T.K. Ralebitso-Senior, T.J.U. Thompson, and H.E. Carney
In the mid-1990s, the crime scene toolkit was revolutionised by the introduction of
DNA-based analyses such as the polymerase chain reaction, low copy number DNA analysis,
short-tandem repeat typing, pulse-field gel electrophoresis and variable number tandem
repeat. Since then, methodological advances in other disciplines, especially molecular
microbial ecology, can now be adapted for cutting-edge applications in forensic contexts.
Despite several studies and discussions, there is, however, currently very little evidence
of these techniques adoption at the contemporary crime scene. Consequently, this article
discusses some of the popular omics and their current and potential exploitations in the
forensic ecogenomics of body decomposition in a crime scene. Thus, together with published
supportive findings and discourse, knowledge gaps are identified. These then justify the
need for more comprehensive, directed, concerted and global research towards
state-of-the-art microecophysiology method application and/or adaptation for subsequent
successful exploitations in this additional context of microbial forensics.
communications in the future. But we know that, in our new information ecology, trust is more
vital than ever before. We must support media institutions and citizens as they seek out
Allcott , H. and
M. ( 2017 ),
‘ Social Media and Fake News in the 2016 Election ’,
Journal of Economic Perspectives , 31 : 2 ,
211 – 36 .
H. ( 2017 ),
‘ Media Perspectives: A Means to an End? Creating a Market for
Humanitarian News from Africa
of selfhood and right to participate in this world. Moreover, violence is absolutely integral to the markings of subjectivity, setting apart claims about identity, along with notions of civility and barbarism. Violence is always mediated through expressed dichotomies between acceptable and unacceptable behaviours, between the right to punish and the intolerable transgression, between the force of normative law and the terror of the minority. In fact, there is an entire political ecology at work in the very diagnosis of something as political violence in itself
Redfield , P.
( 2015 ), ‘ Medical
Vulnerability, or Where There is No Kit ’,
Limn , Issue 5: Ebola’s Ecologies, https://limn.it/articles/medical-vulnerability-or-where-there-is-no-kit/
: Médecins Sans
Frontières (MSF) ).
Holling , C.
S. ( 1973 ),
‘ Resilience and Stability of Ecological Systems ’,
Annual Review of Ecology and Systematics , 4 ,
1 – 23 .
Hosein , G. and
C . ( 2013 ), Aiding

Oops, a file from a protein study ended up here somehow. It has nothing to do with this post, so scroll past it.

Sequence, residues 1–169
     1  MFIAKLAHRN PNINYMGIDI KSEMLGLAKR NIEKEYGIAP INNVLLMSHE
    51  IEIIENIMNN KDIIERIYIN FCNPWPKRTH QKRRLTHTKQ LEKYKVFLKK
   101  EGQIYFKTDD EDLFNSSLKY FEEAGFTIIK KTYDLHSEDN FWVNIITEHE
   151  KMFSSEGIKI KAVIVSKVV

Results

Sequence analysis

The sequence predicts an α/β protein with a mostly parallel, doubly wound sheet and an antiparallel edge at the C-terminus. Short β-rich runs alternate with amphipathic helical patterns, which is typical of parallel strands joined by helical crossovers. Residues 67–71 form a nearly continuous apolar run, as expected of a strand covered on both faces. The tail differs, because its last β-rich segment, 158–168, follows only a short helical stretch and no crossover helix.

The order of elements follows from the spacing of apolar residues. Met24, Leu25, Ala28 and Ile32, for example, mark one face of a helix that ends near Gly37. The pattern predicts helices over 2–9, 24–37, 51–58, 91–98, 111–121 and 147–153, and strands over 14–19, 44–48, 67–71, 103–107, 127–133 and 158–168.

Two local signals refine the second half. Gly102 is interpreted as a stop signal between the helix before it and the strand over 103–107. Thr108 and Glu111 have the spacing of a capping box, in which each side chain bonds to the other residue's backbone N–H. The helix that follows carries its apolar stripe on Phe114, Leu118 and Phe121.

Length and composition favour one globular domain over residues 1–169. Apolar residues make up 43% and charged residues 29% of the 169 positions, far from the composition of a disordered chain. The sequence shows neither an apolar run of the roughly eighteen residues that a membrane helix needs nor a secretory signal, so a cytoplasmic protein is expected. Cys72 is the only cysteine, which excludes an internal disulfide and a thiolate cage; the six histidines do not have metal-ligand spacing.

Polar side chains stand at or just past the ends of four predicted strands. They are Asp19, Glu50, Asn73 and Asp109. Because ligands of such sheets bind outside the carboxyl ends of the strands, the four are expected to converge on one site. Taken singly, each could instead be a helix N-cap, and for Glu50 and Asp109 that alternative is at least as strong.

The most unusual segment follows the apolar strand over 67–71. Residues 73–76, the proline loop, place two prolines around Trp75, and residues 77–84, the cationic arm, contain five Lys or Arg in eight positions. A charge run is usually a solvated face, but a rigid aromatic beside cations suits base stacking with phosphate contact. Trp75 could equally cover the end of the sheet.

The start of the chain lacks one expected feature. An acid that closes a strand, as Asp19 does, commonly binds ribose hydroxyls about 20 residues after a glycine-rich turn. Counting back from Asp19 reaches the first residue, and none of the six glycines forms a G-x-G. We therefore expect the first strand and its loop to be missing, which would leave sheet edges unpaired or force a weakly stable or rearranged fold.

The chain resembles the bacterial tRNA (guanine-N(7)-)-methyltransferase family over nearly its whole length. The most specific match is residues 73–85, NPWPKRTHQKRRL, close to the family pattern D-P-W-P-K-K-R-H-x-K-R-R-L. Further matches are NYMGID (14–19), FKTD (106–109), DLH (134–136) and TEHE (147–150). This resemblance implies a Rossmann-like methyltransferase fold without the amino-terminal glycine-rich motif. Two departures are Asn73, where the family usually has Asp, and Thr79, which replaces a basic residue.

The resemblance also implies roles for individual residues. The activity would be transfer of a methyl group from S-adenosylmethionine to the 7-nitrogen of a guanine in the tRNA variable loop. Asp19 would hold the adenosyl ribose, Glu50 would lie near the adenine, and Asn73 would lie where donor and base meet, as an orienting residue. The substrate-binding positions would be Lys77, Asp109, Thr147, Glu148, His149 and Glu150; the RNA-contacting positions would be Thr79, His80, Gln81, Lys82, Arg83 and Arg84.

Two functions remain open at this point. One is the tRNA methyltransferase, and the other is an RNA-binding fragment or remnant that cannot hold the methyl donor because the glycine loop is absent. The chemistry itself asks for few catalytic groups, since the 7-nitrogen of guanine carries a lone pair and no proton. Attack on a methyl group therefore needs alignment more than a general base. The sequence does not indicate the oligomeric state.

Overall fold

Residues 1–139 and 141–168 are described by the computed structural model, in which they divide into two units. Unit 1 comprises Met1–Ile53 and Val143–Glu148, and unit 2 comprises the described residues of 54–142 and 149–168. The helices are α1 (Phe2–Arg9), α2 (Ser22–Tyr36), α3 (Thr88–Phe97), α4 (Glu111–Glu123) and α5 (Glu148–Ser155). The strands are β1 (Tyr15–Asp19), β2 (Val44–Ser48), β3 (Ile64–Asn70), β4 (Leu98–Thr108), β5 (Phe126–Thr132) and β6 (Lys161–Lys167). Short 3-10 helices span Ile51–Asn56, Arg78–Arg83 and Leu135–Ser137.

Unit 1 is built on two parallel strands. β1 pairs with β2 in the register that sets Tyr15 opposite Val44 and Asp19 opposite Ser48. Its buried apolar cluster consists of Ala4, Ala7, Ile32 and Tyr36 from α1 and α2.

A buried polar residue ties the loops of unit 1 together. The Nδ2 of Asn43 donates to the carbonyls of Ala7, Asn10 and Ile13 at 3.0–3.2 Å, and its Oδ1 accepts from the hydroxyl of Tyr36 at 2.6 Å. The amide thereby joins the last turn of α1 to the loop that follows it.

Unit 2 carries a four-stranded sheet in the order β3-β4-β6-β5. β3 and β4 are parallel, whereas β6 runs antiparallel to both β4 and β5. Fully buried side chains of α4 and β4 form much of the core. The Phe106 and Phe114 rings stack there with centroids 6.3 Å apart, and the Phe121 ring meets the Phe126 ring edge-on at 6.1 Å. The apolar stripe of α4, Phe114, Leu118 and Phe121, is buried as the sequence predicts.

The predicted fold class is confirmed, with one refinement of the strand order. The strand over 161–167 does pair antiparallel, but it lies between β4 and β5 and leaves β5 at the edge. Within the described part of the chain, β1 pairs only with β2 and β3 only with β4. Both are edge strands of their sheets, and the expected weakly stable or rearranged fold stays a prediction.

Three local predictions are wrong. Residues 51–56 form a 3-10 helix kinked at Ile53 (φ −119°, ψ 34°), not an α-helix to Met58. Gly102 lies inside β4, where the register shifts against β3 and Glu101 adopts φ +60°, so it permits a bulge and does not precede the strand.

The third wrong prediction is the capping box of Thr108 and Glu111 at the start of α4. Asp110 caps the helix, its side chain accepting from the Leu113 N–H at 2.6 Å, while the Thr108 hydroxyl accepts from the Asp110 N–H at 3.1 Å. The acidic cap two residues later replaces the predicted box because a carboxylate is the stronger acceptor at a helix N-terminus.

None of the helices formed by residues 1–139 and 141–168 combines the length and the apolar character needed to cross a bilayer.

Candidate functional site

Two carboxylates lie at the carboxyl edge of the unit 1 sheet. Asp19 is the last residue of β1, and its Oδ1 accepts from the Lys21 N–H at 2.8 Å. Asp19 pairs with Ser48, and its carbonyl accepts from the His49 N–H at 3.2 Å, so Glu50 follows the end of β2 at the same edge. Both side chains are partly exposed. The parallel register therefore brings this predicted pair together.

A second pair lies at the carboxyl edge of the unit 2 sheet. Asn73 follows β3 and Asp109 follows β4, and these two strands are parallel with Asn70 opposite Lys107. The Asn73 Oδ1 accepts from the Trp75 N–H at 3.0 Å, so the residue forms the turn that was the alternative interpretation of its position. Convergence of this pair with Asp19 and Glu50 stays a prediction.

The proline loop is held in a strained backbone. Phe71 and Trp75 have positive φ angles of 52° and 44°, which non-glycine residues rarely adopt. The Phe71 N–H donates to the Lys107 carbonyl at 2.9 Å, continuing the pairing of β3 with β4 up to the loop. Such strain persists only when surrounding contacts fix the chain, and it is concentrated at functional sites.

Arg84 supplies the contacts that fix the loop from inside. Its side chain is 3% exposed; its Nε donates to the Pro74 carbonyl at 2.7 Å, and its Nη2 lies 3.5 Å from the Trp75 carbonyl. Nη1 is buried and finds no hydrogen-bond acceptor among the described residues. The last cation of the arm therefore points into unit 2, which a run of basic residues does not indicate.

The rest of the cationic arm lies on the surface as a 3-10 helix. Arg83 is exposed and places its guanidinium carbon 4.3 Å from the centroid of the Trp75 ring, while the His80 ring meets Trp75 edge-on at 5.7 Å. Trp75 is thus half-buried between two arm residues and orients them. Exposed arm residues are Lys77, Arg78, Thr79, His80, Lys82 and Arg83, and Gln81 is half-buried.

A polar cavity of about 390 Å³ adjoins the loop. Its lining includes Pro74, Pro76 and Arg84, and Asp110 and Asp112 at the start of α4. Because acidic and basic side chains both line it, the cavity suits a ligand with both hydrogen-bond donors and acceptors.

Surveillance: An Exploration of How Development and Humanitarian Aid Initiatives are Enabling
Surveillance in Developing Countries ( London :
Privacy International ).
HPG ( 2018 ), A Design Experiment:
Imagining Alternative Humanitarian Action
infrastructure. I examine first fixed
then mobile regulation, including fixed-to-mobile termination, which we
will see is vital to the communications ecology and explains many of the
attempts to breach net neutrality by blocking rivals to the incumbents.
I now briefly explain the fixed network market of UK
communications. It is characterised by wholesale duopoly
, author of the Railways Act
1844, the model of modern communications legislation. 85 This section may appear to consist
of nineteenth-century ‘train spotting’ at first glance,
but it is essential to realise that Internet access in the twenty-first
century is comparable to railways in the nineteenth: it transforms
economy, society and ecology in extraordinary ways. Internet access,
like train access, is
V. Shiva, Women, Ecology and Economic
Globalisation: Searching for an Alternative Vision (New
Delhi, Indian Association of Women’s Studies, 1995) at
E.g. R. Krut, Globalization and Civil
Society: NGO Influence in International Decision-Making (New
Under the UN Convention on the Law of the Sea, States are entitled to claim four maritime zones off their coasts (territorial sea, contiguous zone, exclusive economic zone and continental shelf) within which they have sovereignty, sovereign rights or jurisdiction, as explained in chapters four, seven, eight and nine. The outer limits of these four zones are, respectively, twelve, twenty-four, 200 and up to 350 nautical miles. Those distances are measured from what is known as the ‘baseline’. The latter is normally the low-water line. However, in certain circumstances other lines may be used as the baseline. This chapter explains how the low-water line is determined and the circumstances in which other lines may be used as the baseline. Such lines include those connecting the outermost points on coasts that are deeply indented and/or fringed with islands and those drawn across the mouths of bays, rivers and harbour entrances. The chapter also considers the role of islands in the application of baselines, as well as the effect on baselines of predicted increases in sea levels.
single maritime boundary was delimited by a court, the ICJ
stressed that since it was delimiting a boundary for both the seabed and
the superjacent water column, circumstances would only be relevant if
they related to both. Circumstances that related only to one, such as
the geomorphology of the seabed or the ecology of the water column,
would not be relevant. 134
This approach has been followed in